Published in 2005, Joel Garreau’s Radical Evolution offers multiple perspectives on the future of human kind. Interviewing world-class thinkers, engineers, and philosophers, the author examines not only our decisions, but our decision making process—for the heart of Garreau’s thesis maintains that human nature changes.
We’ve all wondered whether we’re still part of that process. Over the years, our species has gradually removed ourselves from the brutality of natural selection. Americans, especially, have enjoyed long periods without significant culling; so do we yet evolve? Garreau thinks so. Physically, we create medicine that can alter our appearances and heal our wounds, while other intellectual constructions seem to grow exponentially. Can humans maintain control over these creations? His book’s subtitle alludes to the wisdom it will take to guide this giant: The Promise and Peril of Enhancing Our Minds, Our Bodies—and What It Means to Be Human. What follows is an argument over what course that path looks like: heaven, hell, or prevail.
The heaven scenario involves advances so great that nanotechnology works invisibly around us, and our bodies regenerate into perpetuity. Societies, thriving on our highest human emotions, live far from the reptilian R-complex. Art and music elevate, while education becomes the most important career in the world. Machines shrink to miniscule, while their capabilities unfold endlessly.
Hell offers the negative: class warfare between the haves and have-nots, pretties versus uglies; technology so advanced that it achieves sentience—then replicates itself. It’s nothing we haven’t imagined between The Matrix and Blade Runner back to its source at Mary Shelley’s Frankenstein.
What is different is that these diametric views are examined and upheld by visionaries who are helping to create it. While most scientists, computer geniuses, and government-sponsored gurus see their work as seeds planted toward Eden, there are many others who fear dragon teeth being sown. Bill Joy, the founder of networking giant Sun Microsystems and known in geekdom as the Edison of the Internet, emerges as one interesting story. Clearly no Luddite, Joy’s vision once anticipated a Star Trekian future, but now glares sidelong at the mechanism of the Empire. The complexity of this man cannot be summarized here, nor can any of the fascinating characters Garreau profiles. Suffice it to say that each offers a perspective utterly human in its depth.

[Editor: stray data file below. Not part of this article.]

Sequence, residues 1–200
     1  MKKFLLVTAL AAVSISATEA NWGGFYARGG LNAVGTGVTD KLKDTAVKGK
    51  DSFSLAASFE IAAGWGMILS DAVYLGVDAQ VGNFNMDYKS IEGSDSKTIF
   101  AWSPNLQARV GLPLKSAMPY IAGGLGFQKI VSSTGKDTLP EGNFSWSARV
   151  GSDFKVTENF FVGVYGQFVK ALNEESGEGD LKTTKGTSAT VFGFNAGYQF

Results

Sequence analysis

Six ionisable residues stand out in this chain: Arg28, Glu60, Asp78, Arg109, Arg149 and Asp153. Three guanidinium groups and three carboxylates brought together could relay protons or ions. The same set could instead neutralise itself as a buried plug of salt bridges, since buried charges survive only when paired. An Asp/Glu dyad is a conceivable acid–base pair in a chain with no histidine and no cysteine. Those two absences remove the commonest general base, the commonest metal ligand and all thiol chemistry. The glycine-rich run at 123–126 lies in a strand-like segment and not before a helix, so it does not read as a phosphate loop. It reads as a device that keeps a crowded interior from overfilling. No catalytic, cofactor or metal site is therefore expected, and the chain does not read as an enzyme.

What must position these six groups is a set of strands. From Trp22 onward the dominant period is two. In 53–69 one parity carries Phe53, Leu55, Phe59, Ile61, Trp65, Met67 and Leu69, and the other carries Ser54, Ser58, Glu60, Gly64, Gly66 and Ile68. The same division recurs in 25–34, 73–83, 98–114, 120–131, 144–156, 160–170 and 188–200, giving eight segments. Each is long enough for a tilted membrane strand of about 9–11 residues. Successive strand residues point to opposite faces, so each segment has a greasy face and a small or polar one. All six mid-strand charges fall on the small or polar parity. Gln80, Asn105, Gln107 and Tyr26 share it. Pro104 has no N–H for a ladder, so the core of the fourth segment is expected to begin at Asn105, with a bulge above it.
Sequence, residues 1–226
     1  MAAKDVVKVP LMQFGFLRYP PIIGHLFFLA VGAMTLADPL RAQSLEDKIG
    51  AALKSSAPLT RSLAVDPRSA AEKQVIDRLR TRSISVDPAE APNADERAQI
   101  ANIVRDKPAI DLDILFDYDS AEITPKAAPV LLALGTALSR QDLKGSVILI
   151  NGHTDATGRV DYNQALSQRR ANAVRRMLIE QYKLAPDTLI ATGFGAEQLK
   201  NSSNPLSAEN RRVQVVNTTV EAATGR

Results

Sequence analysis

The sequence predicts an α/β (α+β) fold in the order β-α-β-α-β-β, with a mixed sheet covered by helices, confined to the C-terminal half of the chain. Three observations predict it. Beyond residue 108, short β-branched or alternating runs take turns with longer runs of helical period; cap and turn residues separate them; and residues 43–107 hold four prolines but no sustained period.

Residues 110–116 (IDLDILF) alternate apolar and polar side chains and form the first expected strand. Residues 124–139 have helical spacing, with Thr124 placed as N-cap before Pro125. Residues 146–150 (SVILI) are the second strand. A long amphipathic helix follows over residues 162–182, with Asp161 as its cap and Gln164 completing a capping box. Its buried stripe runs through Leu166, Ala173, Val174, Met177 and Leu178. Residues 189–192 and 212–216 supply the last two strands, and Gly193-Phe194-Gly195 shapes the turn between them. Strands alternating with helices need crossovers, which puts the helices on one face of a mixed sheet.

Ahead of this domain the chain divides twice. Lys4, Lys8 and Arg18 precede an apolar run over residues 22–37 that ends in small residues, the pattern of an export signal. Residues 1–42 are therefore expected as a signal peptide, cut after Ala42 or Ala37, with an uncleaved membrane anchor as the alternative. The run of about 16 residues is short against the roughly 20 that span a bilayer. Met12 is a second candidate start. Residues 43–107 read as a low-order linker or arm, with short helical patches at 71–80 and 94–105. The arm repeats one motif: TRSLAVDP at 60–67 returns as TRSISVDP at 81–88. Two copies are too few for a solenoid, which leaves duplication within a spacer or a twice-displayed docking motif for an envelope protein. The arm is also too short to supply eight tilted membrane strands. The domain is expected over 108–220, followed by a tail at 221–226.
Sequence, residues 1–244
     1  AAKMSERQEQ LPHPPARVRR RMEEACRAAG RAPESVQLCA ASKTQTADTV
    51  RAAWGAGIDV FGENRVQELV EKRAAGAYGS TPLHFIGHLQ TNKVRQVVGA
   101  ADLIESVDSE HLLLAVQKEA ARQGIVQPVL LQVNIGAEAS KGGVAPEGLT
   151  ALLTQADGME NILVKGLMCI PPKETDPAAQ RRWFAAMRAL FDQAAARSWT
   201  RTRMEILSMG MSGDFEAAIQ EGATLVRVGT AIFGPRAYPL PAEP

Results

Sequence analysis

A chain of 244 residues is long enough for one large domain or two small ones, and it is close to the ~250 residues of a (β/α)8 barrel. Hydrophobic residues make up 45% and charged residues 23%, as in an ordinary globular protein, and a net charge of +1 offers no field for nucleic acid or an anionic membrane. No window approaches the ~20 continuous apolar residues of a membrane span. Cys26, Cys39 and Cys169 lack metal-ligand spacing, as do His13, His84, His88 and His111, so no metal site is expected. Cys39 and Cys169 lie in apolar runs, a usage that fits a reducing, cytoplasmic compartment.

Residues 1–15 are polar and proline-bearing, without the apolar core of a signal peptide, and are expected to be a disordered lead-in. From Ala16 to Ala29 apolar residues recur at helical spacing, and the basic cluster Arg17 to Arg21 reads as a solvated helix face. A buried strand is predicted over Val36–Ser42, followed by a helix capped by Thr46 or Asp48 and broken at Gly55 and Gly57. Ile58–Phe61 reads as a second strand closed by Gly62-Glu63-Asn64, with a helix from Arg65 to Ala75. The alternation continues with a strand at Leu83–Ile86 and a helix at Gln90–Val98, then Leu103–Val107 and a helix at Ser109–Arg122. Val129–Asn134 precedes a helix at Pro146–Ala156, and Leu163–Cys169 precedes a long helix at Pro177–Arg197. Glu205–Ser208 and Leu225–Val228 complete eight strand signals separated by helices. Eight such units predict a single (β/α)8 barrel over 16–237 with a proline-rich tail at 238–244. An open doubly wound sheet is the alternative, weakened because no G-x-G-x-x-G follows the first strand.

More federalist than anti-federalist thought is expanded upon in the next two sections of the book: prevail and transcendence. Another personality, Martin E. P. Seligman suggests three levels of happiness: the pleasant life, the good life, and the meaningful life. The pleasant one is all downhill racing: base pleasures and Sushi feelings. This may be where many Americans find themselves—whether that be through computer porn or Viagra, Cartoon Network or crack. The good life rises above this. Referencing Aristotle and Jefferson, Seligman sees something more than existence; he sees a life that is fully lived. Even better than a life in tune, though, is a life in chorus. The meaningful life is one in which the instrument of one joins the symphony of all with great elegance and complexity. The latter view rings as Madisonian; it’s the citizen harmonizing with the Constitution. Or, through National Academy metaphor, it is Will’s brown box growing up through the center of the spectrum and bearing beautiful rainbow-colored fruit.
If the author leans toward an advancement of humanity, the reader should not be surprised. After all, the title of the work suggests a continuation, rather than The End. Garreau makes no hypothesis about the length this evolution will take. Experts who don’t forecast a technological maelstrom, range from those who think perfection will rise as a tsunami of advancement called The Singularity to those who predict a more gradual tide.
Most importantly, the author goes beyond a catalog of neat inventions to the thought needed to manage such a wave. How can we control this evolution without the ultimate wipe-out? As a teacher, I can’t help but imagine the role of a well-rounded education in all of this. Clearly, literature, history, and communication help us to perceive such changes, while a well-constituted government provides balance to the Constitution’s board. Can we produce thinkers able to ride the rising swell? Will we realize that the technical instruction manual of standardized tests can never replace the feel of paddling out, popping up, and surfing?
Garreau’s work suggests that we had better learn quickly. In a world economy, to remain stoically anti-federalist may just leave Americans as hydrophobic doomsayers gawking at the wall of a world-cleansing flood. While a ride upon The Wave—one dwarfing both the dawn of industry and the hope of Renaissance—Duuuude, that would be the totality of all that is rad.